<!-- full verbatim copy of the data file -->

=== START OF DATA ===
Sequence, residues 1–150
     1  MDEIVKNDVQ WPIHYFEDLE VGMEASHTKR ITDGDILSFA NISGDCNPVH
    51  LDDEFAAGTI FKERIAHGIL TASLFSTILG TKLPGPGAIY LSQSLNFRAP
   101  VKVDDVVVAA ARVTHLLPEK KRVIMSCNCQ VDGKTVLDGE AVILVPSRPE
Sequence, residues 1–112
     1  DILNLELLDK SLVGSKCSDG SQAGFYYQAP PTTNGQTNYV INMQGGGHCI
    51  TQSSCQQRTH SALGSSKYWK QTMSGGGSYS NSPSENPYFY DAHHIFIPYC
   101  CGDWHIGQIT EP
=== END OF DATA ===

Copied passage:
Sequence, residues 1–150
     1  MDEIVKNDVQ WPIHYFEDLE VGMEASHTKR ITDGDILSFA NISGDCNPVH
    51  LDDEFAAGTI FKERIAHGIL TASLFSTILG TKLPGPGAIY LSQSLNFRAP
   101  VKVDDVVVAA ARVTHLLPEK KRVIMSCNCQ VDGKTVLDGE AVILVPSRPE
Sequence, residues 1–112
     1  DILNLELLDK SLVGSKCSDG SQAGFYYQAP PTTNGQTNYV INMQGGGHCI
    51  TQSSCQQRTH SALGSSKYWK QTMSGGGSYS NSPSENPYFY DAHHIFIPYC
   101  CGDWHIGQIT EP